Fraser Island   History
                                            A  BRIEF  HISTORY - Fraser Island




L' Endeavour (1770)

   Was first called K’gari (or paradise) by its inhabitants, before being discovered  by Capitain James Cook on the 29th May 1770 He skirted Fraser Island’s Eastern Shore in 1770 and supposed it to be a long headland. Cook named Indian Head (after the number of aborigines assembled on this huge rock formation), Sandy Cape Breaksea Spit.
On the night of 22nd May 1836, the ship " Stirling Castle " struck a coral reef hundreds of kilometres north of Fraser Island. On board were eighteen people including Capitain James Fraser and his wifs Eliza. The crew launched a long boat, towing behind them Capitain Fraser and his wife in a separate vessel, which was eventually cut loose by desperate rowers in an attempt to hasten the boat’s progress. Landing in the vicinity of Waddy Point, the crew abandoned their vessel in search of drinking water and forced to live a native existence, suffering extreme hardship which they were forced to endure for several weeks.
An Aborigine speared Capitain Fraser when he was unable to carry wood due to his health. The Capitain never recovered from his wound and died eight or nine days later. Another account of Capitain Fraser’s death indicated that he perished from starvation. Eliza Fraser did survive and returned to England in 1837.
Her ability to tell a good yam became very profitable and the much sensationalised account of her ordeal was sold in bookstores all over London. The ordeals of Capitain Fraser and his wife Eliza became legendary and the Island, the world’ largest Island sand mass, was renamed " Fraser Island ".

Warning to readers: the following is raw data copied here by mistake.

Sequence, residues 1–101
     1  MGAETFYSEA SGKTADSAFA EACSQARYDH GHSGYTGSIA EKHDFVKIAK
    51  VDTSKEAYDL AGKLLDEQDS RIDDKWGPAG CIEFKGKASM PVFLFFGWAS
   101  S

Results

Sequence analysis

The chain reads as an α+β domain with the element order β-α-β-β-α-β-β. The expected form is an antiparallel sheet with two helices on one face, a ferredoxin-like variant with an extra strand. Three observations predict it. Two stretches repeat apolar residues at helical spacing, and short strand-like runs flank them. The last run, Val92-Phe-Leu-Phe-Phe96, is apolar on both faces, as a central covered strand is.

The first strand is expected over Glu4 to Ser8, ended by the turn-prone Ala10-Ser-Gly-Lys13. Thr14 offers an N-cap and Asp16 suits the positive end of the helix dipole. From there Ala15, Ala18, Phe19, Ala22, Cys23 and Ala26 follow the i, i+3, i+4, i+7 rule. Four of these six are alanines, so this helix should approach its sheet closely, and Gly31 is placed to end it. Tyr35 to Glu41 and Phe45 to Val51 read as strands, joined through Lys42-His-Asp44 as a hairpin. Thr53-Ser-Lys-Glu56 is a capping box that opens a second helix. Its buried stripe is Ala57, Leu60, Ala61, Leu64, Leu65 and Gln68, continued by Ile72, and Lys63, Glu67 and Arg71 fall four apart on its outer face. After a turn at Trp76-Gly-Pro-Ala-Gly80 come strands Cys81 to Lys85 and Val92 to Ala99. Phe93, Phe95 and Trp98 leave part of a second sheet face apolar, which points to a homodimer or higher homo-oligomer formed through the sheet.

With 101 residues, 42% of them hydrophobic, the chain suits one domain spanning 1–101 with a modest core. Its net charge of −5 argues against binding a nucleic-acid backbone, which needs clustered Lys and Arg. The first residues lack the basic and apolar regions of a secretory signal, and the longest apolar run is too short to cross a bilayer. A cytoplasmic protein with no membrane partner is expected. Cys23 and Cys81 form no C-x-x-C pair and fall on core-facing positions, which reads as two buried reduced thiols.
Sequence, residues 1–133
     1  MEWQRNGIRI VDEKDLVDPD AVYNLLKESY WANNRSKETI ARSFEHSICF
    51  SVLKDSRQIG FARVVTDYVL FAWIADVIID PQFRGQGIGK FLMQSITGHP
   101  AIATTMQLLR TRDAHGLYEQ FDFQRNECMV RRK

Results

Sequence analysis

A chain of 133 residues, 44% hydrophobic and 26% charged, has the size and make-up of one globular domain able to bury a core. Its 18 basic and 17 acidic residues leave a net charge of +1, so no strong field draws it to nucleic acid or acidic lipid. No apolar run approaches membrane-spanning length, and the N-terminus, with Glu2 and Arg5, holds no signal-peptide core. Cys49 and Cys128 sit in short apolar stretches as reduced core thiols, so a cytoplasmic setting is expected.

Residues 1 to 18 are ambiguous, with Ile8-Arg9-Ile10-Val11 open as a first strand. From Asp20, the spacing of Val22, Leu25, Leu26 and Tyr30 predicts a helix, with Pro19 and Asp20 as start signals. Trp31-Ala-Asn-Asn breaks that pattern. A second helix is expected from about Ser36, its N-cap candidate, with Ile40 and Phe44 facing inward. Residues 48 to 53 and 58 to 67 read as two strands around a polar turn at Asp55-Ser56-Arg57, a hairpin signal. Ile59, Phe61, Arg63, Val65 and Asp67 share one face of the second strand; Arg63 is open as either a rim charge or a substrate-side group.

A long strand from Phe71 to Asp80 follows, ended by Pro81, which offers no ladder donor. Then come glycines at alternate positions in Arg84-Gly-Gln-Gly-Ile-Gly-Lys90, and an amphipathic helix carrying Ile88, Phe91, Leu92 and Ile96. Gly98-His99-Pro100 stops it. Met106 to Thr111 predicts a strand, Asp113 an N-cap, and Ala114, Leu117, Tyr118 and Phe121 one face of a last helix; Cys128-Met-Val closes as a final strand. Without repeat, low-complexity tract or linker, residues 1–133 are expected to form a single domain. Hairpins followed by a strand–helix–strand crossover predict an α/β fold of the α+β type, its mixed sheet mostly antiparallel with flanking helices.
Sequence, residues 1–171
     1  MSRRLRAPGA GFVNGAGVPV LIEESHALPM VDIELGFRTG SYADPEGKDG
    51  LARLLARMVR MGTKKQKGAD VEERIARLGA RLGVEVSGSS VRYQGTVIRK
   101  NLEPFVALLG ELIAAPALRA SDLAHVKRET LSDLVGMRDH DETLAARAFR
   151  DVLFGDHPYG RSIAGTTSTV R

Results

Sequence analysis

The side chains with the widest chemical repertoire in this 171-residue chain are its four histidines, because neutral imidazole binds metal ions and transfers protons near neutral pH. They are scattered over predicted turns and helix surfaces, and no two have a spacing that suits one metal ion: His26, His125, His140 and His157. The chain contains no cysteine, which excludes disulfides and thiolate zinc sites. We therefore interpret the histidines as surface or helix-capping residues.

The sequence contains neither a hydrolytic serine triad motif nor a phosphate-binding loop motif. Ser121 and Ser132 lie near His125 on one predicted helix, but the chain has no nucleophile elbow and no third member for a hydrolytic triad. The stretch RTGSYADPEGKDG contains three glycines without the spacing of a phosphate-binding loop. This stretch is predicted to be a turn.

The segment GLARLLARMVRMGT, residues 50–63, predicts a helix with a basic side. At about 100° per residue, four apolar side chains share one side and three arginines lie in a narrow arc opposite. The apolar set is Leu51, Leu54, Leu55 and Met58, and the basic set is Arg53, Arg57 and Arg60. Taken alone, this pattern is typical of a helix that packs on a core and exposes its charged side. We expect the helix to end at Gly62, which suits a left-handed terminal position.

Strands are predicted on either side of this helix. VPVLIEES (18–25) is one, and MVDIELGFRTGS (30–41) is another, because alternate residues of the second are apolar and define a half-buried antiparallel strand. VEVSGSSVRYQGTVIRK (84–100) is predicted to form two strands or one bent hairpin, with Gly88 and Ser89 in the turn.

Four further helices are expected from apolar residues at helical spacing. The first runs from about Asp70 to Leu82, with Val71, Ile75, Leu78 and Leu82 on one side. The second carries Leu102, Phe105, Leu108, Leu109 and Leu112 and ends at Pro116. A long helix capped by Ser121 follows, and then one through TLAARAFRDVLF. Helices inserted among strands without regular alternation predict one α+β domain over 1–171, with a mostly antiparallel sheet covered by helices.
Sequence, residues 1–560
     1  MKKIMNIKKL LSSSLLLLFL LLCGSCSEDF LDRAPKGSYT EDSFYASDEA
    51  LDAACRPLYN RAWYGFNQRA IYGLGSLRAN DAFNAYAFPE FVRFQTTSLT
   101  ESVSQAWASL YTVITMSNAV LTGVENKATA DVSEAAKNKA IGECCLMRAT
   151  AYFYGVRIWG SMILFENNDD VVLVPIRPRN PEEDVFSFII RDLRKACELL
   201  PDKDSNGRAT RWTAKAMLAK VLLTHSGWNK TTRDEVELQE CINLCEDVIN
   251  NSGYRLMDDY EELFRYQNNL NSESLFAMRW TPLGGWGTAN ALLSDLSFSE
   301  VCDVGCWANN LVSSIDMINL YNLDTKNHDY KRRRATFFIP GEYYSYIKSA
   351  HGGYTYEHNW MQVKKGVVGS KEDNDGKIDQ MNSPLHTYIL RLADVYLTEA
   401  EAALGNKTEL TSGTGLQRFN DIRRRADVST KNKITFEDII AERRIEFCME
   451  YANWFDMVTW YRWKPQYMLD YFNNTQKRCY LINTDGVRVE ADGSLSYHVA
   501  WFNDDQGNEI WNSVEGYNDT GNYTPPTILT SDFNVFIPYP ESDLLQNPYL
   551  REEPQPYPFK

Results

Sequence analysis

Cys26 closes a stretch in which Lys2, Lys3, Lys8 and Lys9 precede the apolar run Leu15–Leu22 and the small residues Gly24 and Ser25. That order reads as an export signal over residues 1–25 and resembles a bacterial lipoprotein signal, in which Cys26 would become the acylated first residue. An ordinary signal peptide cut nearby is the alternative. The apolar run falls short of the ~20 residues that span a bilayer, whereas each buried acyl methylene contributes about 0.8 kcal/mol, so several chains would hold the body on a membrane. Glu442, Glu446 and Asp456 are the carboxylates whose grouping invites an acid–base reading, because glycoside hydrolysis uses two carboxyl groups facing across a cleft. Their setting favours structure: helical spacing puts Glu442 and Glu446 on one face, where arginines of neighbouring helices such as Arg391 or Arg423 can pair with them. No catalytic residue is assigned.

THE BUTCHULLA (BATJALA) PEOPLE
The original inhabitants of Fraser Island (or K’gari) and the nearby mainland were the Butchulla people.
A small droup were permanent residents on the Island. During the Winter, Aboriginal people would flock to Fraser Isdland to feast on the abundance of food supplied by the Ocean.
The Butchulla people would travel to and from the Mainland by canoes made of a long single sheet of bark sealed at each end with bees was. The canoes were also used for fishing and hunting dugong and turtles. A fire would be lit in the canoes on bed of sand or seaweed, and fish would be cooked immediately upon being caught. For shelter, the Butchulla people cut strips of bark about 2,3 metres long into a shield shape and from them formed a roof, In Winter this was warmed with possum skins and a fire at the entrance. Sticks werw used to harvest a range of wild yams and bees was.
Bees played an important part in the Butchulla peoples culture, partly for their was, but also for their honey, being their main source sweetness.
Grass Trees (Xanthorrhoea) provided a valuable food source for the Butchulla people, using the base of the leaves as a type of cabbage.
The leaves were eaten either raw or cooked, and the fruit roasted.
Pandanus leaves were used to make baskets and poisonous fruits were palced in a dilly bay and soaked in running water to wash out any poisons.
A man could not marry a woman of his own clan and children belonged to the clan the mother.
Cannibalism was practiced, only from those who died in combat or at an early age.
No humans were deliberately killed for food.
The bones of the dead and hung in a dilly bag in the hollow of a tree, known as a burial tree.